Populist party enters government in Norway

Populist party enters government in Norway

OSLO - A populist party in favour of tighter immigration controls and sweeping tax cuts on Wednesday entered the government in Norway for the first time, joining conservatives in a right-wing coalition.

Prime Minister Erna Solberg, 52, leader of the Conservative Party, unveiled her new cabinet with seven ministerial posts going to the populist Progress Party and 11 to her own movement.

"I consider it to be a good competent government," said Solberg, whose party won 27 per cent of the vote in September elections.

The incoming government will be in a minority, relying on support from two small centre-right parties - the Liberal Party and the Christian Democratic Party - to pass legislation.

The Progress Party, which won 16 per cent of the vote, has been in opposition ever since its formation 40 years ago.

Siv Jensen, the 44-year-old leader, took the government's number two position as finance minister and the party also now controls several heavyweight ministries including justice, energy and transport.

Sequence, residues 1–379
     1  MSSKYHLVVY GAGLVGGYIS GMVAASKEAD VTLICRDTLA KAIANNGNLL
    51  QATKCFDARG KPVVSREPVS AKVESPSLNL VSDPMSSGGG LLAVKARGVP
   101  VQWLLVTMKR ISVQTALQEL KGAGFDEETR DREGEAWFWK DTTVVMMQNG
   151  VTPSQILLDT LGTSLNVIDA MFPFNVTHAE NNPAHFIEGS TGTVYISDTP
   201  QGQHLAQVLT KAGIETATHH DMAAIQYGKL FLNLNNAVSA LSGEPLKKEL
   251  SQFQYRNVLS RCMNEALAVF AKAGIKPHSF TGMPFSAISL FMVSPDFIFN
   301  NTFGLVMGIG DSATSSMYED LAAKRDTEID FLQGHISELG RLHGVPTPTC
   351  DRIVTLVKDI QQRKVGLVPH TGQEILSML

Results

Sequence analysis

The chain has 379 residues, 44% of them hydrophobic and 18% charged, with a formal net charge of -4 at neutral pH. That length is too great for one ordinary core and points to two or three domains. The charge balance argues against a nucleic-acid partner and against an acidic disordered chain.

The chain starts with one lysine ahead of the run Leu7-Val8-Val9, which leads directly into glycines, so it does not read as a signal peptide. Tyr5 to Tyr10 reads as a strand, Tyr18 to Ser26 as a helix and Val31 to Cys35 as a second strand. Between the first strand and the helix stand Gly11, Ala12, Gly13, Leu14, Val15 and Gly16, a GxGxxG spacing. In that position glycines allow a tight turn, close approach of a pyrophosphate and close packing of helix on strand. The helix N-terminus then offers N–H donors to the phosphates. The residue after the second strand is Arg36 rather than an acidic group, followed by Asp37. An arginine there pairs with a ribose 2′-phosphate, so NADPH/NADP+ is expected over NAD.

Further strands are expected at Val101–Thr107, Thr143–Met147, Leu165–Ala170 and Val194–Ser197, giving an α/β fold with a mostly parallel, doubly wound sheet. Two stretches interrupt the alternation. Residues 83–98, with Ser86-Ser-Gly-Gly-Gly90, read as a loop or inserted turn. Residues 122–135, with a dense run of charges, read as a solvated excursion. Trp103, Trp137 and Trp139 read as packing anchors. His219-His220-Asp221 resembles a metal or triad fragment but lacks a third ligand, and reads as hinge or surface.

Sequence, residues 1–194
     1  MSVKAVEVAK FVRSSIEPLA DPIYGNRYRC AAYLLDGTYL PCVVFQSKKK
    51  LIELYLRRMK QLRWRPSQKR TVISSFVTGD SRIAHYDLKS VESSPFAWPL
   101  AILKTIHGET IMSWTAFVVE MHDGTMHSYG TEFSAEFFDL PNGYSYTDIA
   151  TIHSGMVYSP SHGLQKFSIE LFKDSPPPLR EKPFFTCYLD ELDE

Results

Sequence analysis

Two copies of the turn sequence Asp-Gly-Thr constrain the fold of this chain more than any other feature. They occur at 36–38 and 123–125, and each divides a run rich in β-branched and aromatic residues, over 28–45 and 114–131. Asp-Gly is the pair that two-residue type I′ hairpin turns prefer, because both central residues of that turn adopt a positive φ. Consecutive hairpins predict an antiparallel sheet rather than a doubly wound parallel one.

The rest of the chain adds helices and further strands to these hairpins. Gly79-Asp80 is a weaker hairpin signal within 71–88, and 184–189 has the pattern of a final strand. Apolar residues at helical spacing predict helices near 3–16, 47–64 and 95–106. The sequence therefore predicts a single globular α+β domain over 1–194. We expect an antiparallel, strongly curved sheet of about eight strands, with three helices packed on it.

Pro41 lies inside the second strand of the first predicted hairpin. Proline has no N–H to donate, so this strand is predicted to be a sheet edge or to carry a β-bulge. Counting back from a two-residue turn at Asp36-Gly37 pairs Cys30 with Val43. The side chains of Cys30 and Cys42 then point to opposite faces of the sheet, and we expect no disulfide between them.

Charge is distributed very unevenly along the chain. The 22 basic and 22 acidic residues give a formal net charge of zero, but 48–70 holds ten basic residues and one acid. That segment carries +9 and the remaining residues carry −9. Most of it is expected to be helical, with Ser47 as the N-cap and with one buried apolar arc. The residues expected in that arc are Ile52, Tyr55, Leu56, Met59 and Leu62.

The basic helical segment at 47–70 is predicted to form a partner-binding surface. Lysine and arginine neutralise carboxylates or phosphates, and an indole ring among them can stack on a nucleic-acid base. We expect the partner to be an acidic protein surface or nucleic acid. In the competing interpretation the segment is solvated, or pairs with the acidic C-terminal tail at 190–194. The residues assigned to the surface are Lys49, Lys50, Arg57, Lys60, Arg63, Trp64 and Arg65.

The party's policies in several areas, including immigration, tax and climate change, were previously considered too radical for other Norwegian political parties.

Several years ago Jensen criticised the "creeping Islamisation" of society, but since the massacre of 77 people in 2011 by right-wing extremist Anders Behring Breivik - a former party member who claimed he was fighting against multiculturalism - the party has toned down its anti-immigration statements.

The party condemned the Breivik massacre at the time and has since complained that some international media have made too much of his previous membership.

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